Critique on Kingdom Education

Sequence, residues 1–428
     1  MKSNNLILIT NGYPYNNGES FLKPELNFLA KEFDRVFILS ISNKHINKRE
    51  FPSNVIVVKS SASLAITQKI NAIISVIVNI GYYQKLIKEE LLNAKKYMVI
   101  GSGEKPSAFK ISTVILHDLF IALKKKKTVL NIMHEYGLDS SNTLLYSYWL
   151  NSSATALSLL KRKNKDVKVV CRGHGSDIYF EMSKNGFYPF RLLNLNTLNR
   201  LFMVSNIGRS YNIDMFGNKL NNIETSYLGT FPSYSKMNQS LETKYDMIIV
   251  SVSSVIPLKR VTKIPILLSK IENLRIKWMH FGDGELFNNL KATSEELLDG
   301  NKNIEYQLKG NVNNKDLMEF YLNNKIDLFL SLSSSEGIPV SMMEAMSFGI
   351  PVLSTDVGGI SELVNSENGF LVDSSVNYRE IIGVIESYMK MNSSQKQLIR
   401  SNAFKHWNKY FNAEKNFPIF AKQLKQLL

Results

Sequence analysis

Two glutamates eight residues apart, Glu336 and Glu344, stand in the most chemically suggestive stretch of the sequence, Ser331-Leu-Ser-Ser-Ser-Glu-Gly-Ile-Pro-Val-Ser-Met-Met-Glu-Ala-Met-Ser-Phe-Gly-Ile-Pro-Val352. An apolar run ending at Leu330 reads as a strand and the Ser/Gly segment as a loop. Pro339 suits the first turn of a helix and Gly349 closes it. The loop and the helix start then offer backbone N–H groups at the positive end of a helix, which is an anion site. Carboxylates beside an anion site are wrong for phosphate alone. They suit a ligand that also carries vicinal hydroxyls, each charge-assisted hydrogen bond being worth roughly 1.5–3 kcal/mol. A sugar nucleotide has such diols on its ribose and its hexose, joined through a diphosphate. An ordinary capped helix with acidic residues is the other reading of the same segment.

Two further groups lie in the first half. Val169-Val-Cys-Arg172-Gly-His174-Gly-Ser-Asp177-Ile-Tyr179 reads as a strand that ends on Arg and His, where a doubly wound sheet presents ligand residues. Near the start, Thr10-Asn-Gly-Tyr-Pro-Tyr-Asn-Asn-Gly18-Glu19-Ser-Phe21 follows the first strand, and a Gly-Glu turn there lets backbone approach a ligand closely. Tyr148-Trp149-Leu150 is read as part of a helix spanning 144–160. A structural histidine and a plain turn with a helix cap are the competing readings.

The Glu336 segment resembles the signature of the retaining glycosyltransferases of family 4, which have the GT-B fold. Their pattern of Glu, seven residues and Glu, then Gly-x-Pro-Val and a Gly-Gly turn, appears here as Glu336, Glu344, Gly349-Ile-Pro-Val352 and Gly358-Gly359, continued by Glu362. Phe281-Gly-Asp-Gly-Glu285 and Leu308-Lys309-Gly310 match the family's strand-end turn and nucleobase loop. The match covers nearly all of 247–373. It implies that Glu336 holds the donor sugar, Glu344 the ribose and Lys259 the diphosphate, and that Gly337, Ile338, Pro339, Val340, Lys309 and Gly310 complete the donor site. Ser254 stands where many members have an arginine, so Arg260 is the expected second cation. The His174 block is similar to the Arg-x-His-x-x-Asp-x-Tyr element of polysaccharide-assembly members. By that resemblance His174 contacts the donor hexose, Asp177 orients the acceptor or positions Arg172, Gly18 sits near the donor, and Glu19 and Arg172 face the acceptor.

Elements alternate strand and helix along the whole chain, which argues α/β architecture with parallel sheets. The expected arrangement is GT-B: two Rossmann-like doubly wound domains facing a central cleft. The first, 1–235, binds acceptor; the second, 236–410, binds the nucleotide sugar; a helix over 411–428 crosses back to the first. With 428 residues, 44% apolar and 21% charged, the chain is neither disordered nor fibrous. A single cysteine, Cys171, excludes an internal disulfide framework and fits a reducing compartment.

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Critique on Kingdom Education Summary Kingdom education is a process that begins with a child accepting Christ as their Lord and Savior and continues with the goal of that child reaching maturity in Christ. As such, evangelism and discipleship are part of a kingdom education that will train children to know God and have a biblical worldview. This worldview is taught through Bible stories, but is also incorporated into every subject and into educational methods that reflect a biblical philosophy. Ultimately, parents are responsible before God for their child; however, it is the role of the church and the school to support the parents in their God given responsibility. In Kingdom education, these three cords must work in harmony to evangelize, discipline and train each child to incorporate a biblical worldview into everything they do. Each partner must advocate a Christocentric education so that the child will grow to academic and spiritual maturity. Parents, schools and churches must recognize their interdependent task of raising godly children; they need to support and encourage one another, especially in the area of education. Schultz (2006) defines a biblical worldview as one in which Christ is the center of everything and everything is based upon the Bible. This does not mean that only the Bible is taught, rather, every subject is seen through the lens of the Truth found in the Word of God. In a biblical worldview, God is seen as ultimate reality and truth. Because truth and reality reside with God they do not change but are transcendent, universal and eternal. This eternal perspective must be fully understood by each teacher and modeled and taught to each student. When reality is defined by God the Bible bec... ... middle of paper ... ...worldview in their students to help them reach a Christocentric spiritual maturity. Schultz also stressed the importance of a biblical worldview in the teacher. As the leader in each classroom the students will adapt their teacher’s beliefs, values and finally actions. If they are taught by a teacher who holds a dualistic view of dividing the sacred and the secular, or a postmodern or modern worldview, it will adversely affect the ability of that child to develop Christ centered wisdom based upon the Word of God. Schultz, in referring to the education of children, stated “anything that hinders their moral and spiritual development is the epitome of child abuse.” (2006, p. 163). As such, our curriculum, teaching methods, and moral example, must all reflect a biblical worldview that will evangelize and discipline each student to know and love Jesus Christ.
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